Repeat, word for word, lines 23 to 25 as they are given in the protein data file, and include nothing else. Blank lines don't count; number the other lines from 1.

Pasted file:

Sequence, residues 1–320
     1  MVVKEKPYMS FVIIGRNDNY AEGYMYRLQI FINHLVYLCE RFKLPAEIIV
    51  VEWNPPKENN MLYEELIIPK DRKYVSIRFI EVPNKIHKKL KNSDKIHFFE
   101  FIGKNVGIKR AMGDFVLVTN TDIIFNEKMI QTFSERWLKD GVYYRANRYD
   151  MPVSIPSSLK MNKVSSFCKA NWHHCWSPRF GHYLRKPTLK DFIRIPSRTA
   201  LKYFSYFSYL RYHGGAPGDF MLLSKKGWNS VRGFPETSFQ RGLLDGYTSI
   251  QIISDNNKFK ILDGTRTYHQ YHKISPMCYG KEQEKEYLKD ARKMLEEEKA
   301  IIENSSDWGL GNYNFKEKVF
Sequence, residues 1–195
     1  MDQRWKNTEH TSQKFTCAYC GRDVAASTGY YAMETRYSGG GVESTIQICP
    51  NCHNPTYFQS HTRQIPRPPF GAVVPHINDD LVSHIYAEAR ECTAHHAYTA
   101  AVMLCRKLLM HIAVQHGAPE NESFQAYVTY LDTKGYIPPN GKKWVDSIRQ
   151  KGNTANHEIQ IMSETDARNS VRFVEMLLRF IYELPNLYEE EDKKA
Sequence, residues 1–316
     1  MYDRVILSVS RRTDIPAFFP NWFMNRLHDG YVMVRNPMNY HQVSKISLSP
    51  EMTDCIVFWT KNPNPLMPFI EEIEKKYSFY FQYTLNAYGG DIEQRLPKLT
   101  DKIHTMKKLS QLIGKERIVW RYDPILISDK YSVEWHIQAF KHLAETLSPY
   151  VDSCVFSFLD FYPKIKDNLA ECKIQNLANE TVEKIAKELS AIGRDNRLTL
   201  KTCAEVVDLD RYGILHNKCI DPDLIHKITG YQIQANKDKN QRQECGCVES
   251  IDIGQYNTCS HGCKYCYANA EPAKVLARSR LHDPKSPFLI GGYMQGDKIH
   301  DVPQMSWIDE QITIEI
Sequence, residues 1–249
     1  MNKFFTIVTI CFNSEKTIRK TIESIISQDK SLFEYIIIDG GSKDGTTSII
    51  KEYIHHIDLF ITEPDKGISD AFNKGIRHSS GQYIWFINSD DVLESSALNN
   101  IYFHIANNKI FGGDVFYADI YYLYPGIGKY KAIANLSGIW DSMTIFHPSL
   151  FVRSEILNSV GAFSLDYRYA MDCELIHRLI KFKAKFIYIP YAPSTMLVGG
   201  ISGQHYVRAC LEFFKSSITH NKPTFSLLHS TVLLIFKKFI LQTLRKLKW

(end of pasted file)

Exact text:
     1  MNKFFTIVTI CFNSEKTIRK TIESIISQDK SLFEYIIIDG GSKDGTTSII
    51  KEYIHHIDLF ITEPDKGISD AFNKGIRHSS GQYIWFINSD DVLESSALNN
   101  IYFHIANNKI FGGDVFYADI YYLYPGIGKY KAIANLSGIW DSMTIFHPSL